Unusual presentation of atrial myxoma : a case report and review of the literature
CITATION: Jaravaza, D. R., et al. 2021. Unusual presentation of atrial myxoma : a case report and review of the literature. American Journal of Case Reports, 22:e931437, doi:10.12659/AJCR.931437.
The original publication is available at https://www.amjcaserep.com
Publication of this article was funded by the Stellenbosch University Open Access Fund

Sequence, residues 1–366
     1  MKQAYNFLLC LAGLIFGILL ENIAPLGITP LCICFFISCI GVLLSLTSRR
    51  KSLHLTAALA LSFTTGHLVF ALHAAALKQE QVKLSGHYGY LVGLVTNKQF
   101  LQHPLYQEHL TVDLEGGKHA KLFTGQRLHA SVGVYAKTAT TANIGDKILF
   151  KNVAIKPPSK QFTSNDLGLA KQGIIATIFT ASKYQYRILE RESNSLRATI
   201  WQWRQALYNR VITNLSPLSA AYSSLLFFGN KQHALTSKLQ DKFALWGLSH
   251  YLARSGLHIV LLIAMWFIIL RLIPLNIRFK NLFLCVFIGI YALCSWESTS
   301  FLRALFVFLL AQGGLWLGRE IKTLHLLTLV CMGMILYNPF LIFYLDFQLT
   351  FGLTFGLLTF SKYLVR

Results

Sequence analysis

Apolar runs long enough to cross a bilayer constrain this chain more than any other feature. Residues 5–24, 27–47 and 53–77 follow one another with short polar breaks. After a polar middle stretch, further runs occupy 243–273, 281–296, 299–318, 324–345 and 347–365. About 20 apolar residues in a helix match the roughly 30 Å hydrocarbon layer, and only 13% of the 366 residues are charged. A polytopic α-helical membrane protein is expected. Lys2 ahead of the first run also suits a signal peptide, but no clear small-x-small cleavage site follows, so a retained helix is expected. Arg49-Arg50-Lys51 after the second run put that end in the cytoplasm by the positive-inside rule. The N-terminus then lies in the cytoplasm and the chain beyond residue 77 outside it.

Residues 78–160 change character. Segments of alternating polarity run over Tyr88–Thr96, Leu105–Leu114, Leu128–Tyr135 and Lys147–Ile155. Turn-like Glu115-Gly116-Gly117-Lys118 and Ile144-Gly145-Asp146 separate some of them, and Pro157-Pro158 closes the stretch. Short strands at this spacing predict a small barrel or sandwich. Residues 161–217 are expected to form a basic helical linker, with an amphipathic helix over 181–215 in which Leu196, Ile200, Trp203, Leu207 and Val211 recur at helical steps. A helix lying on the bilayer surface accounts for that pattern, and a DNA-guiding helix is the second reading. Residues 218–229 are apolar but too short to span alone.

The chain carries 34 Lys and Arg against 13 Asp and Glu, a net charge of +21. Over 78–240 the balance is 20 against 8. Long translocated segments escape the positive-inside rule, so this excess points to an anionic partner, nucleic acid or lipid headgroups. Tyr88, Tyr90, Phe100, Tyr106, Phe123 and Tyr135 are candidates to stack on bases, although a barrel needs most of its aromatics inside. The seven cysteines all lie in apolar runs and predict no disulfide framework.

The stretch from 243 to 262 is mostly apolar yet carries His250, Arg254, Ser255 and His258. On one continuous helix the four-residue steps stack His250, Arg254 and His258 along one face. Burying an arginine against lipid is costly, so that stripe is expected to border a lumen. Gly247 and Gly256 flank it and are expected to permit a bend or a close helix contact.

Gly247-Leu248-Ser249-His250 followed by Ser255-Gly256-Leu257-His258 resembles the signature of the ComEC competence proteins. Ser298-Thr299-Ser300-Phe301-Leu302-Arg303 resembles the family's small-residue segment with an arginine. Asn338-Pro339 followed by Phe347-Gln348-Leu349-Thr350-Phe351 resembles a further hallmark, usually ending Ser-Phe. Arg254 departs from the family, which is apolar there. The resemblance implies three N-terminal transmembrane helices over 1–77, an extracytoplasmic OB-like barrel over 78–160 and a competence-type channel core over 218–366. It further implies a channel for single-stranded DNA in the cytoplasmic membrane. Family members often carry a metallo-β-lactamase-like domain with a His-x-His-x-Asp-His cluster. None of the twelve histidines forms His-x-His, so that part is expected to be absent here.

BACKGROUND: Although rare, atrial myxoma is the most common benign cardiac tumor. The recognized triad of presenting symptoms relates to constitutional, embolic, and obstructive effects produced by the tumor. However, the presentation may be non-specific and mimic other diseases, confounding diagnosis. CASE REPORT: A middle-aged woman presented with wheezing and shortness of breath. With a strong background smoking history, the initial impression was that of acute bronchospasm. She however deteriorated rapidly, with decreased consciousness and cardiac arrest requiring resuscitation. Despite intensive care management, she died within 1 day of admission. Autopsy revealed a previously undiagnosed left atrial myxoma with coronary and systemic embolization. CONCLUSIONS: This case highlights an unusual presentation of atrial myxoma, resulting in fatal simultaneous embolization to the coronary and cerebral arteries. This simultaneous embolic presentation is not common, but the potential consequences are serious. This report also demonstrates that the presentation of a left-sided atrial myxoma with cardiac asthma can mimic respiratory disease and confound diagnosis. In adult patients without a history of chronic respiratory disease, the possibility of cardiac asthma should always be entertained. Furthermore, the importance of considering atrial myxoma as a cause for cardiac asthma is emphasized. The use of transthoracic echocardiogram in aiding the rapid diagnosis of atrial myxoma is recommended. Finally, the continued acknowledgement of the important contribution the academic autopsy makes in complementing and improving clinical practice remains imperative.